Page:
NSA leaks hint Microsoft may have lied about Skype security
National Security Agency documents leaked by Snowden to the Guardian and Washington Post last week have grabbed the attention of Americans concerned over the NSA’s blanketing surveillance of communications involving United States citizens. The NSA is regularly retaining the phone records for millions of Verizon customers, the documents revealed, and a separate program called PRISM allegedly lets federal investigators access Internet use information for customers of the biggest online services. One of those documents, a slideshow examining how the NSA has access to conversations conducted over nine major Internet services, may have caught Silicon Valley giant Microsoft in a lie.
Ryan Gallagher of Slate noted this week that one of the slides cited by the Washington Post was labeled a “User’s Guide for PRISM Skype Collection,” suggesting that the NSA has in place a method for eavesdropping on conversations conducted over the popular Web client acquired in 2011 by Microsoft.
According to the slide, NSA agents can listen in or watch Skype chats “when one end of the call is a conventional telephone and for any combination of 'audio, video, chat, and file transfers' when Skype users connect by computer alone.”
“This piece of information is significant for a number of reasons,” wrote Gallagher, but the most crucial perhaps is how it compares to Microsoft’s remarks last year. As RT wrote in 2012, Microsoft was awarded a patent that summer that provides for “legal intercept” technology that allows for agents to “silently copy communication transmitted via the communication session” without asking for user authorization.
At the time, Gallagher was one of the most critical reporters examining the patent, and grilled Microsoft relentlessly to see if this meant that a program previously considered highly-encrypted and tough to crack could provide a backdoor to government agents at the drop of a hat. However, Skype Corporate VP of Product Engineering & Operations Mike Gillet also explained to ExtremeTech.com that the company was making changes in its infrastructure, but that they were being done to “improve the Skype user experience.”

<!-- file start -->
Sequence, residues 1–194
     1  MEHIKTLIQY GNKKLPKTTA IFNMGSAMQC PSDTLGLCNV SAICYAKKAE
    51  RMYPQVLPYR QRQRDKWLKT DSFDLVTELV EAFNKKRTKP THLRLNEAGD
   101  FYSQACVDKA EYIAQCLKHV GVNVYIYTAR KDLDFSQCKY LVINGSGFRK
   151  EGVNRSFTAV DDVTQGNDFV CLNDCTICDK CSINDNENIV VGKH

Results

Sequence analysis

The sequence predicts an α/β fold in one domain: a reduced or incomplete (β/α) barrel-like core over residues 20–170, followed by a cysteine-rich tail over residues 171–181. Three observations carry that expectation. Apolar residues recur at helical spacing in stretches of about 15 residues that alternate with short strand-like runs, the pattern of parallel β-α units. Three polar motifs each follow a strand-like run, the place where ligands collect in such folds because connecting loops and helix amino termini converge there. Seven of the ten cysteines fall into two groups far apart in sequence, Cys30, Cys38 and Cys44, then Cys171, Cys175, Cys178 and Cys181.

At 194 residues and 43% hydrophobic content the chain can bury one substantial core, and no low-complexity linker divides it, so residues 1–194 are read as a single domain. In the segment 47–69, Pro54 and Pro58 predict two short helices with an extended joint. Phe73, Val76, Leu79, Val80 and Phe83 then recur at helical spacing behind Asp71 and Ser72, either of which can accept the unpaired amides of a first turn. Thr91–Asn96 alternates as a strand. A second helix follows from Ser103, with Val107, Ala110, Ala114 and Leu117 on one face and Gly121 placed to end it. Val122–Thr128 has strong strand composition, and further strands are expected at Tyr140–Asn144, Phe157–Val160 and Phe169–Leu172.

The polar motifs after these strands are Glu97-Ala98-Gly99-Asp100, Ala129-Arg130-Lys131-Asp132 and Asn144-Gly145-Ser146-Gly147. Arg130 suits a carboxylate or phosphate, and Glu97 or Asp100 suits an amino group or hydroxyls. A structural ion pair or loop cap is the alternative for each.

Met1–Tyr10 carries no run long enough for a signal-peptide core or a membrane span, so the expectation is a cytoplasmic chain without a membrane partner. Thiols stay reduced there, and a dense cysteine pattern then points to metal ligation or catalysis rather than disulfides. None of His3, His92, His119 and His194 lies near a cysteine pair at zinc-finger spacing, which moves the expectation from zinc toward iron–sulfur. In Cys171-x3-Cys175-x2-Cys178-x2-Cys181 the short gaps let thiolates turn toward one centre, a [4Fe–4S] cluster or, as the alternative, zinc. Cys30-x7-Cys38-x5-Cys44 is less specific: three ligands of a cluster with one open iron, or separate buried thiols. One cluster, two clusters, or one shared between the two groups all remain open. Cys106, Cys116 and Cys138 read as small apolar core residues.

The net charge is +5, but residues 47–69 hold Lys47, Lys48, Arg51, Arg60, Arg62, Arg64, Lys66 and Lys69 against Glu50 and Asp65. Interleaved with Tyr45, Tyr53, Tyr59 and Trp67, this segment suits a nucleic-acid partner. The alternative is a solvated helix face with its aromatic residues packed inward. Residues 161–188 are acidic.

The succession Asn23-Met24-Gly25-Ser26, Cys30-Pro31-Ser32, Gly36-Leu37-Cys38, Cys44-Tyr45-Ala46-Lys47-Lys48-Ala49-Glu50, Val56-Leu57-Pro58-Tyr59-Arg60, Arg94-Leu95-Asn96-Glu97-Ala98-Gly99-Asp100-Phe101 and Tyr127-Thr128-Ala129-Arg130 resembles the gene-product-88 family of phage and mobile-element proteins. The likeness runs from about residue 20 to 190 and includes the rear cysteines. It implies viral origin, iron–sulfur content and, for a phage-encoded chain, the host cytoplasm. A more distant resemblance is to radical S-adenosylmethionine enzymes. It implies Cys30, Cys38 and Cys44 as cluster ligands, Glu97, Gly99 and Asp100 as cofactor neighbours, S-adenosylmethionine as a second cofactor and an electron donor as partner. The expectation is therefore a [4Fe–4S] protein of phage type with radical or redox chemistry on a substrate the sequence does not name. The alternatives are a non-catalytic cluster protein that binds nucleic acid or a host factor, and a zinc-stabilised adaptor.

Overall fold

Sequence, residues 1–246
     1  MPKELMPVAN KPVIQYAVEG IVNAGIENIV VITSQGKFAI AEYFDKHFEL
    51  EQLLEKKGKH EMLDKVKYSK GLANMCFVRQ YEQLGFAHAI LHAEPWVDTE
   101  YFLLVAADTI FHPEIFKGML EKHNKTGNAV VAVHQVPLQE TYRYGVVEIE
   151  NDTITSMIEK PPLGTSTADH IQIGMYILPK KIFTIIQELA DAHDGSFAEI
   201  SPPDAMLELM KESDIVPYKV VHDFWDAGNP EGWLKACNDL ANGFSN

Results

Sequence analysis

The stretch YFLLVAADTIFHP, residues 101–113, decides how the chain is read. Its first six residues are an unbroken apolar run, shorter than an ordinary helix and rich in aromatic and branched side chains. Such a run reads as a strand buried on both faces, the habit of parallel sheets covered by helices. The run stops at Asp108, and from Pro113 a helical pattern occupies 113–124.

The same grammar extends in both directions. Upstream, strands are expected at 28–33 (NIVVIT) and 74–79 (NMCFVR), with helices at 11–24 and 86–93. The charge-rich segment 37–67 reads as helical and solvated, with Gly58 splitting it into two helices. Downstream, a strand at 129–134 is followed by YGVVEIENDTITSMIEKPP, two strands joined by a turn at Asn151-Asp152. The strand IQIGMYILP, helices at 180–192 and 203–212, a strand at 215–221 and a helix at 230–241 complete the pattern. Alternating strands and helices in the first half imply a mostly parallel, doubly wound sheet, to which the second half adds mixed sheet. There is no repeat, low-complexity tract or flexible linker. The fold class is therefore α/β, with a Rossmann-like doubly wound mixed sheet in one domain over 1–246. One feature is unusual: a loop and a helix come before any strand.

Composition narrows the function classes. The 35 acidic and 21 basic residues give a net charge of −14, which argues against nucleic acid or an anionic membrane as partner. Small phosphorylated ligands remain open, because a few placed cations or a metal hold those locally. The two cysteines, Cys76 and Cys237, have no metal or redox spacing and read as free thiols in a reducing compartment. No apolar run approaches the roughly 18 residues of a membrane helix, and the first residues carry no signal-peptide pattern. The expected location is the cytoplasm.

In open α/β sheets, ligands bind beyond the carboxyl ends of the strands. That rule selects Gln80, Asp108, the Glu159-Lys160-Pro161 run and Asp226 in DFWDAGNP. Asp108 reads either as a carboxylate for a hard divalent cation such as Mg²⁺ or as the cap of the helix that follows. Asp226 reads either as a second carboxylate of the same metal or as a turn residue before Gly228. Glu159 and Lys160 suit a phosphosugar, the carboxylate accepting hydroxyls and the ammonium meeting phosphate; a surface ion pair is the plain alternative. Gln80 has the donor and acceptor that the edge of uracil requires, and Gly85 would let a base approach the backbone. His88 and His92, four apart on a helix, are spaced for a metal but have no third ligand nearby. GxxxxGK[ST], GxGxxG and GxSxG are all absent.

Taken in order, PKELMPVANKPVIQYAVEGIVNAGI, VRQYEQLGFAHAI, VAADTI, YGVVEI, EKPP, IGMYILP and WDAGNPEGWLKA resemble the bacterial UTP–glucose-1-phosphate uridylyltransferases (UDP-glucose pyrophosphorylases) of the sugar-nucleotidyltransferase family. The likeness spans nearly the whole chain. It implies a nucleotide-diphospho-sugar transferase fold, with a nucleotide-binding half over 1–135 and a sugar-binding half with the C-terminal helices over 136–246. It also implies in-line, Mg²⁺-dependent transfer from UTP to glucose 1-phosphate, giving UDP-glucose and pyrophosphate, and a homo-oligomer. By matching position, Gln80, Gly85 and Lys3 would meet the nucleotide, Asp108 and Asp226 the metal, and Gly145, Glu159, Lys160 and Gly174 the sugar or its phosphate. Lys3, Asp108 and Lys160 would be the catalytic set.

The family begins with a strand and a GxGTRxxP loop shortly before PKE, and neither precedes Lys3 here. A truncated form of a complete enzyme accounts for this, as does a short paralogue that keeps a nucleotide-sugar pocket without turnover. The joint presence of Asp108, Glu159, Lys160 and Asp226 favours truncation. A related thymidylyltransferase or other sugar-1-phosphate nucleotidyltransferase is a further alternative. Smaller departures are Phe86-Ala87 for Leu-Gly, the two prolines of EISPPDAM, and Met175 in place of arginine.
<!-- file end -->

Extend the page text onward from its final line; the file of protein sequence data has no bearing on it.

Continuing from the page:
“Skype rejected the charge in a comment issued to the website Extremetech, saying the restructure was an upgrade and had nothing to do with surveillance,” Gallagher wrote at the time, “But when I repeatedly questioned the company on Wednesday whether it could currently facilitate wiretap requests, a clear answer was not forthcoming. Citing ‘company policy,’ Skype PR man Chaim Haas wouldn’t confirm or deny, telling me only that the chat service ‘co-operates with law enforcement agencies as much as is legally and technically possible.’”
This week, Gallagher revisited the issue and explained how Microsoft’s explanation last year is now under fire thanks to NSA leak. Gallagher recalled that Microsoft was driven to releasing a transparency report last year, in which a significant chunk was set aside solely for details on settling requests for Skype data made by law enforcement.
“The report devoted an entire section to Skype and claimed that in 2012, it hadn’t handed any communications content over to authorities anywhere in the world. Microsoft also said in notes accompanying the transparency report that calls made between Skype-Skype users were encrypted peer-to-peer, implying that they did not pass through Microsoft’s central servers and could not be eavesdropped on — except maybe if the government deployed a spy Trojan on a targeted computer to bypass encryption,” Gallagher wrote.
Now enter the “User’s Guide for PRISM Skype Collection” slide, and the story is much different. “That the NSA claims to be able to grab all Skype users’ communications also calls into question the credibility of Microsoft’s transparency report — particularly the claim that in 2012 it did not once hand over the content of any user communications,” Gallagher wrote. “Moreover, according to a leaked NSA slide published by the Post, Skype first became part of the NSA’s PRISM program in February 2011 — three months before Microsoft purchased the service from U.S. private equity firms Silver Lake and Andreessen Horowitz.”
In a statement emailed from Microsoft to Slate, the company said it “went as far as it was legally able in documenting disclosures in its Law Enforcement Requests Report” and that “there should be greater transparency on national security requests and Microsoft would like the government to take steps to allow companies to do that.”
Microsoft’s statement came the same week that one of their largest competitors, Google, pleaded with the government to let them provide more details in their regular transparency reports published online. In a letter sent to US Attorney General Eric Holder and Federal Bureau of Investigation Director Robert Mueller on Tuesday, Google asked the Obama administration to allow it to share more information.
"Google's numbers would clearly show that our compliance with these requests falls far short of the claims being made," said David Drummond, Google's chief legal officer. "Google has nothing to hide.”
During testimony made Thursday morning before Congress, Mueller said the NSA leaks attributed to Snowden “have caused significant harm to our nation and to our safety” and that the FBI and Justice Department will take “all necessary steps to hold the person responsible.” Meanwhile, US Reps. John Conyers (D-Michigan) and Justin Amash (R-Michigan) plan to propose legislation this week that would require that the government provides “specific and articulable facts” before it requests phone records of US citizens.